I’ve been interested in collectives and communes since my aunt—the first Stephanie Sugars—moved to Moonlight Farm in Kenwood, California a decade ago. She was a teen in the Bay Area in the late 1960s, and was there in ‘67 when the Summer of Love drew hippies, anti-capitalists, artists and beatniks to San Francisco and collectives began in the United States in earnest. When years of serious illness prevented her from having a formal job, even if she had wanted one, life on the farm provided her stability and community when she could not have afforded much else. The farm is mostly self-sustaining, raising livestock—they had a cow named Sal, short for Salisbury Steak—and maintaining a vegetable garden alongside fruit trees. Her low living expenses enabled her to spend her time painting, participating in a potluck group, leading cancer survivor groups and reading and writing voraciously until she passed in November 2016. Her memorial, a full five months later, was held nearby and attended by nearly 150 people who were close to her.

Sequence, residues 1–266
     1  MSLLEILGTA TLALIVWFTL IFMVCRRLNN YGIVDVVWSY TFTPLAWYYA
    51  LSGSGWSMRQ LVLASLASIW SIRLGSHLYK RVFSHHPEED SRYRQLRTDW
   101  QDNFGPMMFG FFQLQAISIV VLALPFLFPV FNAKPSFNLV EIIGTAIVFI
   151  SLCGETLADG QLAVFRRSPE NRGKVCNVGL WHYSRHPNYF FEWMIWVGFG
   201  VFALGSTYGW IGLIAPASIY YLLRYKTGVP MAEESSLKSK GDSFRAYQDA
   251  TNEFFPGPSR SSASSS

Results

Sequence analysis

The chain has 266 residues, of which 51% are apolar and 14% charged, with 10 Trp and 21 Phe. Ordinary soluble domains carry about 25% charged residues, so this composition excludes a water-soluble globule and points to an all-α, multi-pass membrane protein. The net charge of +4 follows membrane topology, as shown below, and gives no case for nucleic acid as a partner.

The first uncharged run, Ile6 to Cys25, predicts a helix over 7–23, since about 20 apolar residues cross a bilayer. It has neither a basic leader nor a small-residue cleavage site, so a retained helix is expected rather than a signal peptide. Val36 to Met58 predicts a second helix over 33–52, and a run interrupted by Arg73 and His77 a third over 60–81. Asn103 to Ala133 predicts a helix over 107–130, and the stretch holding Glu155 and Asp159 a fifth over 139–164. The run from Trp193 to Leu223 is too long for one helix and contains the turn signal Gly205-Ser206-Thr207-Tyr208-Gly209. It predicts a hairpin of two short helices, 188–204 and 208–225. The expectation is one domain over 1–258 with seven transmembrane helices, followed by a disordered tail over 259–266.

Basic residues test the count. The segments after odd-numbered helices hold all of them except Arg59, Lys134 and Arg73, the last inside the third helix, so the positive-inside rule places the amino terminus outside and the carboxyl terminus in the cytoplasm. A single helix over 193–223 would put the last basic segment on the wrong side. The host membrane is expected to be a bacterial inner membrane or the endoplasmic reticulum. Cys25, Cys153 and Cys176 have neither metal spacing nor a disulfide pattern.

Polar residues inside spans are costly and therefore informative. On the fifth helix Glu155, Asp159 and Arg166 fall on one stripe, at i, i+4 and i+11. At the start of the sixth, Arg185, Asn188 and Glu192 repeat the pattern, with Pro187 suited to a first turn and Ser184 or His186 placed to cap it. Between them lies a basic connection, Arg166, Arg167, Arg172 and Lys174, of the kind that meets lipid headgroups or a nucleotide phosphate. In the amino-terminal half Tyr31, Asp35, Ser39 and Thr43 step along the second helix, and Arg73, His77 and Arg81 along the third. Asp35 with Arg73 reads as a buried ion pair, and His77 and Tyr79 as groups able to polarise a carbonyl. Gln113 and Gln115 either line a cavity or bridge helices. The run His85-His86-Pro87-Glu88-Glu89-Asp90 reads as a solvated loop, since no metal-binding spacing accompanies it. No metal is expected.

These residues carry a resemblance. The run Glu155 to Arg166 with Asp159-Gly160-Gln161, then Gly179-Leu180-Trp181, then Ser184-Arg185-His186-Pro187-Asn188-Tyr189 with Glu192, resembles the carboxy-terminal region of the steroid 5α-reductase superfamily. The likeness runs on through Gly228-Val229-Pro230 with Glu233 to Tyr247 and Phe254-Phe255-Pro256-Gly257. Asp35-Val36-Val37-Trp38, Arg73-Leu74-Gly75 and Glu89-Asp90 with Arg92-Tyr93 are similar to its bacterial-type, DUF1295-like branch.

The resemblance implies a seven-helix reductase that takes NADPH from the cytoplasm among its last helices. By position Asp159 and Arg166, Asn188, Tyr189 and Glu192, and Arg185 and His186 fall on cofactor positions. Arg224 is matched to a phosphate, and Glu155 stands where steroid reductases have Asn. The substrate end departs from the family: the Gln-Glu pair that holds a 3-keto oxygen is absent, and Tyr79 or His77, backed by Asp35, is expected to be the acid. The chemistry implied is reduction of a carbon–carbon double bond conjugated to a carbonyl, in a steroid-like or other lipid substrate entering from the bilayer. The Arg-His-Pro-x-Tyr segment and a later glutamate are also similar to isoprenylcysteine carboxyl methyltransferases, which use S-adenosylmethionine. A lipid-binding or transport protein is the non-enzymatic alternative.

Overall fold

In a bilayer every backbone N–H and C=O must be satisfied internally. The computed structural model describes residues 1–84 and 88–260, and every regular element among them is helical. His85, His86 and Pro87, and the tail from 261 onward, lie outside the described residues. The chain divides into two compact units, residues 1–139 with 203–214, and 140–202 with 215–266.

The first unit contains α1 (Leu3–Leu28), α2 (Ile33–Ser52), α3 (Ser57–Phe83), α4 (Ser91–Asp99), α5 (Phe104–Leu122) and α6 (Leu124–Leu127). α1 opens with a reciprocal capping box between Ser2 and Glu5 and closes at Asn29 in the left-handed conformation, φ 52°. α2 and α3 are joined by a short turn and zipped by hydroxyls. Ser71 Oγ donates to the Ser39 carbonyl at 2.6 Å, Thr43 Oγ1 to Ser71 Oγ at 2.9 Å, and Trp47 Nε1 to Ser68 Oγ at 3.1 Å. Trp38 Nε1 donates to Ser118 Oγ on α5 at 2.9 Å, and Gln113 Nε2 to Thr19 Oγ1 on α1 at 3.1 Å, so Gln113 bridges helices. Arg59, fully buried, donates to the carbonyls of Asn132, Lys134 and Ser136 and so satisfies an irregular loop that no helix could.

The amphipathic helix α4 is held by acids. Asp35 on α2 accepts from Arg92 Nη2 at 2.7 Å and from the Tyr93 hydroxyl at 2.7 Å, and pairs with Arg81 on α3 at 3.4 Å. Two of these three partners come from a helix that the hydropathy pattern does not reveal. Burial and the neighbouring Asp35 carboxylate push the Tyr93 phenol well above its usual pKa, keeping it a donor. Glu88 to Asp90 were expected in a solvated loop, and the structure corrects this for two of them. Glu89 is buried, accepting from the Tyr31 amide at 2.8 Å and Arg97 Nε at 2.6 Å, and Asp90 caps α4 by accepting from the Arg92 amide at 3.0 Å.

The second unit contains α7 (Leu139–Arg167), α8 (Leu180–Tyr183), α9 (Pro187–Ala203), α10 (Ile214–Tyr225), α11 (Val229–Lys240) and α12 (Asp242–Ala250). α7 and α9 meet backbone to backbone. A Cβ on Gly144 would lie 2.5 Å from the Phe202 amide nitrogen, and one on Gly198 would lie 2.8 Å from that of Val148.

Her strong connection to community is why I’ve thought about living collectively myself. The closest I’ve come is a campus house my senior year of college where I lived with 12 other members of the literary magazine staff, and the group renting my friends from home continue to embrace. When I moved to New York, I relied on my fledgling graduate community to find an apartment and roommates. While I’ve kept collective living in the back of my mind, I wasn’t sure of its feasibility in this city or for me as a student and journalist. Curious if any intentional communities or collectives existed here, my search turned up Noyes just a neighborhood away from my own apartment.

Touring Noyes, it’s clear that there’s more to living in a collective than having a lot of roommates. Residents select new roommates based on applications and decide by consensus during biweekly house dinners and meetings, where debating and reaching agreement on issues can take hours. Alongside consensus decision making, Amy says, the collective’s key tenets are “open communication and accountability.” The aim is to emulate family organization and life through mutual reliance, cooperation and community. Most everything is shared, funds are pooled for buying house goods and stocking the kitchen, and chores and other responsibilities rotate.